US 5671322 A
A resistant heated flash evaporator including a body of any desired geometry having two opposite open sides, a cavity which forms a continuous open area extending from each of the two opposite sides and at least one metal evaporating surface facing the open area for evaporating metal laterally through the opposite sides of the cavity. The body is preferably composed of graphite and has a coating of pyrolyric boron nitride extending over a substantial portion of the body and over the metal evaporating surface formed by the cavity.
1. A flash evaporator comprising: a body having opposite open sides and a cavity extending from each of said opposite open sides for forming a continuous open area between said opposite open sides with said body having at least one metal evaporating surface formed by said cavity facing said open area for evaporating metal into said open area and laterally through said opposite open sides of said body.
2. A resistant heated flash evaporator as defined in claim 1 wherein said body has a rectangular or cylindrical geometry.
3. A resistant heated flash evaporator as defined in claim 2 wherein the body of said evaporator is composed of graphite and wherein said evaporator further comprises a coating of pyrolyric boron nitride extending over a substantial portion of said body and over at least said metal evaporating surface facing said open area.
4. A resistant heated flash evaporator as defined in claim 3 wherein each of said opposite sides of said body has a substantially planar surface between which said continuous open area extends.
5. A resistant heated flash evaporator as defined in claim 4 wherein said cavity in said body forms two complementary surfaces with each having a PBN coating for evaporating metal laterally through said opposite sides of said hollow cavity.
6. A resistant heated flash evaporator as defined in claim 5 wherein at least one of said complementary surfaces has a concavity into which metal may be placed.
This invention relates to an improved resistance heated flash evaporator for the vaporization of metals and more particularly to a flash evaporator for metal evaporation in a substantially lateral direction.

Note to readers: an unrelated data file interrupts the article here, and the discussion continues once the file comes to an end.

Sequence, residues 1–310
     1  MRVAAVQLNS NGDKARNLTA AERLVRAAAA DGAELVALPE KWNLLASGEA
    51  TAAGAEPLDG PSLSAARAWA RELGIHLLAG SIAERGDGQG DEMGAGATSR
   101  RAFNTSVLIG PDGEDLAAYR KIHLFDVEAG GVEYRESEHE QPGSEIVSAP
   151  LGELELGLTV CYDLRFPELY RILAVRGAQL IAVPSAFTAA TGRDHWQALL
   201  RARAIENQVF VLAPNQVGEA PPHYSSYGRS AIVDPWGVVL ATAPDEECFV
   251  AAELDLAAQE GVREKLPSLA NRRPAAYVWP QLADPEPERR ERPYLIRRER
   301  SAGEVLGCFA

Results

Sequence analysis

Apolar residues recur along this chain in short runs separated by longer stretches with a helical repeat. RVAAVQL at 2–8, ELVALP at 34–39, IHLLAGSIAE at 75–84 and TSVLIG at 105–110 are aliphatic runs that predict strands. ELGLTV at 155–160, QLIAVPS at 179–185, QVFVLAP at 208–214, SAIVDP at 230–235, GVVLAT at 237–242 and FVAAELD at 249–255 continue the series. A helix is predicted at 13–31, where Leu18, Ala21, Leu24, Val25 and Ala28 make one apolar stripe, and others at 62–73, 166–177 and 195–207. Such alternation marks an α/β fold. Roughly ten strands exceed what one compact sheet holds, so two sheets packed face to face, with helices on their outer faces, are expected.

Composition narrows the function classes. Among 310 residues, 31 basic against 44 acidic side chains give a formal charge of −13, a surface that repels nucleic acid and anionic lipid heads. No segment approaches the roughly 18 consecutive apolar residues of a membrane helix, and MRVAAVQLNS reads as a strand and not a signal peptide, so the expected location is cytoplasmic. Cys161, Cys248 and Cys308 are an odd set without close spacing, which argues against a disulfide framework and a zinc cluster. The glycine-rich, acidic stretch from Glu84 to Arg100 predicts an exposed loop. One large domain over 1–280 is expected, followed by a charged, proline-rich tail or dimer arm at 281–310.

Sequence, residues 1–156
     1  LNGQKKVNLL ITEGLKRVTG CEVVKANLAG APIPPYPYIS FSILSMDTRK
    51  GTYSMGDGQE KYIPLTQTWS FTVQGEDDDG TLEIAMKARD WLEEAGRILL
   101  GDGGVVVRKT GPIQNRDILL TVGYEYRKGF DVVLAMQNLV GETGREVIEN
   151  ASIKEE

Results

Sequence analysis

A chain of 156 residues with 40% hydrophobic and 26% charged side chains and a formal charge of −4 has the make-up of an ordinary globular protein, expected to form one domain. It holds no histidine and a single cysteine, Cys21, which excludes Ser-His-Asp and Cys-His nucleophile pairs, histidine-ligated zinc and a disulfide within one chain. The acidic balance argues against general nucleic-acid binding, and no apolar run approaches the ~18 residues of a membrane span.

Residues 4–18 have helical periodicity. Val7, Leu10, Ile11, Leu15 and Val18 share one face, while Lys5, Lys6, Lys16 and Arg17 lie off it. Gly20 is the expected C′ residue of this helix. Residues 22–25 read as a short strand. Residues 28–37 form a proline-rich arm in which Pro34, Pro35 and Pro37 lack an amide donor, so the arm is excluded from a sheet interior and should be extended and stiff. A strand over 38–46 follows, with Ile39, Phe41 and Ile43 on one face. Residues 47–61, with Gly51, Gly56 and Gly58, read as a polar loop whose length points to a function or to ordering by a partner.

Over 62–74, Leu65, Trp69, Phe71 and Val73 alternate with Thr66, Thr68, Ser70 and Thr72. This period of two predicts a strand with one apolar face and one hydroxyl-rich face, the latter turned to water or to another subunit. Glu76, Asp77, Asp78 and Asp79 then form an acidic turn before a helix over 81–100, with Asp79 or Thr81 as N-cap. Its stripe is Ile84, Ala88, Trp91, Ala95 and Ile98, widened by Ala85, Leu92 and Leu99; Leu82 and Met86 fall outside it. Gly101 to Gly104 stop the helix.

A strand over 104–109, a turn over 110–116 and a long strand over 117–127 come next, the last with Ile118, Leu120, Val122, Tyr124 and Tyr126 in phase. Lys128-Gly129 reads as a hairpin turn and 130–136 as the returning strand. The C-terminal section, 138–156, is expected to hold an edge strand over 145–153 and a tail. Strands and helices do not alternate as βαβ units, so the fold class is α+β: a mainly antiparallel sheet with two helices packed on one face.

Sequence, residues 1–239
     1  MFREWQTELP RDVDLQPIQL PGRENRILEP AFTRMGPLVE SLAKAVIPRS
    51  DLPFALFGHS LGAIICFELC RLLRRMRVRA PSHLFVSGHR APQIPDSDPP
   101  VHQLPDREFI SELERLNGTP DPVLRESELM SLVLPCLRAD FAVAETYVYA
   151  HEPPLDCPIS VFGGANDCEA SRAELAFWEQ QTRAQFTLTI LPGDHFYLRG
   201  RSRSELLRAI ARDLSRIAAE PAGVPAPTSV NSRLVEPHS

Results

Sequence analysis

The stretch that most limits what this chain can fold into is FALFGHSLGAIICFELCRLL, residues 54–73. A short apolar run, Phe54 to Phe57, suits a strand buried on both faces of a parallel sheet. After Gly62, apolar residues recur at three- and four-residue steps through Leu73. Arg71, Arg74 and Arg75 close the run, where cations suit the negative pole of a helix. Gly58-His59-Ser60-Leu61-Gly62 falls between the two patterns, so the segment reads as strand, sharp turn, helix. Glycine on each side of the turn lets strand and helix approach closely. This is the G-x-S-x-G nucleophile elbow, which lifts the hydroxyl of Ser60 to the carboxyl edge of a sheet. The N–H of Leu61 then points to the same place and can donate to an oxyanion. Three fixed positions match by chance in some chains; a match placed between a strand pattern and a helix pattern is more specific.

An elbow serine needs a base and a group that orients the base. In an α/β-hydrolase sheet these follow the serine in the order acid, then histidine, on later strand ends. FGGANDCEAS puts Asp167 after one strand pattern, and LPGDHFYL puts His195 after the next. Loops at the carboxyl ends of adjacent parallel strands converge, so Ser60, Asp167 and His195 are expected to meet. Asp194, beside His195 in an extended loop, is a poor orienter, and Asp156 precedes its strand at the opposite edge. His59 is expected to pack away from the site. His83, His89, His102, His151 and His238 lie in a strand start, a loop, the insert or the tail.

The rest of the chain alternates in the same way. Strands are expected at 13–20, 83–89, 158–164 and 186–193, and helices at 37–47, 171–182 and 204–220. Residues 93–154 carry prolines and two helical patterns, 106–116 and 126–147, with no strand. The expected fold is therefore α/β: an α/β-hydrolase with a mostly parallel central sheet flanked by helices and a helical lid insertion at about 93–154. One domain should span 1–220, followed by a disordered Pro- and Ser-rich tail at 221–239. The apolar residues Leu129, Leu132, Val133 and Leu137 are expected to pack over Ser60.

Thermal evaporation is a common method for coating metals such as aluminum, copper, zinc, tin, silver and gold onto various substrates of metal, glass and plastic. The metal coating may be formed from a flash or semi-continuous evaporation of metal using a resistance heater composed of a ceramic or metal vessel commonly referred to as a "boat" or from a wire filament. When a ceramic or metal boat serves as the electrical resistance heater a cavity is formed in the boat to function as a receptacle for the metal charge which may be inserted into the cavity prior to each evaporation cycle or fed into the cavity. The boat is connected to a source of electrical power and is heated to a temperature which will cause the metal charge in contact with the boat to melt and vaporize. The metal charge wets the cavity after melting and during evaporation causing metal evaporant to disperse from the boat in a direction substantially transverse to the cavity surface. Accordingly, if the boat is aligned in a horizontal direction during evaporation of the metal charge the metal evaporant will necessarily disperse upwardly from the cavity,
There are many applications requiring spherical or substantially lateral dispersion of the metal evaporant from the evaporation source. In such cases the substrate(s) may be arranged vertically relative to the evaporation source or circumferentially around the evaporation source. At present, a metal wire filament serves as the resistance heater for substantially all such applications. The metal wire filament is typically composed of tungsten and has a useful life of from 2 to 35 flashes when used to evaporate aluminum. In such case the circuit resistance of the wire filament changes dramatically during each flash cycle as a result of melting of the aluminum and wetting of the wire filament. Moreover, aluminum, which is often the preferred metal evaporant, will chemically attack a wire filament of tungsten thereby causing electrical resistance variations and substantially limiting its useful life.